I'm trying to use a 3rd party UI control in our WPF application. There are a lot of features/characteristics with this particular control that make it appealing, but their licensing scheme has been a real pain... But maybe this is how a lot of 3rd party vendors operate.
In our solution, we have two projects of concern. For simplicity, I will denote them as “StartUpProject” and “FeatureAProject.” Suppose the other projects in the application that other devs will be working on are named “FeatureBProject”, “FeatureCProject” and so on…
StartUpProject contains references to all of the Feature*Projects.
The 3rd party dlls are located in a common "References" folder, and both projects (StartUpProject and FeatureAProject) reference the 3rd party assemblies from this file location.
-- StartUpProject is the main WPF start up project including the App.xaml/App.xaml.cs. It contains a licx file with a single entry for the 3rd party control.
-- FeatureAProject contains the implementation of this 3rd party UI control.
Due to the way the 3rd party control company's licensing scheme is implemented, in order to simply build the application through VS, every developer must install a licensed copy of the 3rd party control - even those that are working on other features other than FeatureA.
There has to be a way around this...
I would like to structure our solution and projects in such a way that the "3rd party control developer" (i.e. FeatureA developer) is the only one that needs a licensed copy of the controls installed on their machine and other developers can still build the solution.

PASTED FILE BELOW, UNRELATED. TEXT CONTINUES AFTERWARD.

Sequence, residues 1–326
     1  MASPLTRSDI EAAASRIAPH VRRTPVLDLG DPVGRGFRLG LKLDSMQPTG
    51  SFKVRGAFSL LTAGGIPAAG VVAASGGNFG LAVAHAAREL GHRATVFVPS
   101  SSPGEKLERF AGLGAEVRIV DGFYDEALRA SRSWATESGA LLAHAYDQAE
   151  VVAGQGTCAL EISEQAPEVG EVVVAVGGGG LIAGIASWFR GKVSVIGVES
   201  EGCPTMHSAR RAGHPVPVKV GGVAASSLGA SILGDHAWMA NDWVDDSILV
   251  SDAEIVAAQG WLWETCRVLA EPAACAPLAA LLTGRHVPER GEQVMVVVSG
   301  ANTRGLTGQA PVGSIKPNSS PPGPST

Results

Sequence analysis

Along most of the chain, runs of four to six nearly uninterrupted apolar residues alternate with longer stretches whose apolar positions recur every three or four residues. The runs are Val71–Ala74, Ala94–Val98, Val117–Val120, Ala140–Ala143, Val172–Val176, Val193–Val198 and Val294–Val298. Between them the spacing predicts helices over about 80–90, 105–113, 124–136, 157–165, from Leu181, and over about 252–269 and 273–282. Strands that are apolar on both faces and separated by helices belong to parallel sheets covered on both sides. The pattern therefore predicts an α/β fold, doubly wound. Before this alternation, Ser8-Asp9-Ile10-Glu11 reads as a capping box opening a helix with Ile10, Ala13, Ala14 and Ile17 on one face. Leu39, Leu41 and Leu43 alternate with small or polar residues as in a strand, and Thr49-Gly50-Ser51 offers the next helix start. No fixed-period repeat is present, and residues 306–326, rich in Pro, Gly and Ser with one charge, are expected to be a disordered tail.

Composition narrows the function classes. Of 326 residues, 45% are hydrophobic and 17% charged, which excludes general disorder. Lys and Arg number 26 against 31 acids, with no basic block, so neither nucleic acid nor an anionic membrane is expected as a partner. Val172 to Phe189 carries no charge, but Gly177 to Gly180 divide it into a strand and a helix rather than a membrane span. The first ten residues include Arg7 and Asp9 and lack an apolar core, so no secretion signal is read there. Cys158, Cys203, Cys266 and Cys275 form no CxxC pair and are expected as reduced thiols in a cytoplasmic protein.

My first thought is to utilize a binary reference that's built from the licensed dev machine.
(1) I'm not sure which assembly would need to be the binary reference: StartUpPorject or FeatureAProject? Is it the licx file in StartUpPorject that triggers the license checking and hence the exception on build for unlicensed developers?
(2) If we take the binary reference route, the reference will need to be updated each time the one developer makes changes to FeatureAProject... That would work, but the extra overhead is certainly not ideal. Is there are better way around this altogether? Could we somehow refactor this whole 3rd party control usage into an additional assembly that's build once from the licensed machine? FeatureA could then use this assembly and it would not have to be updated when changes are made to FeatureA.
I hope that makes sense.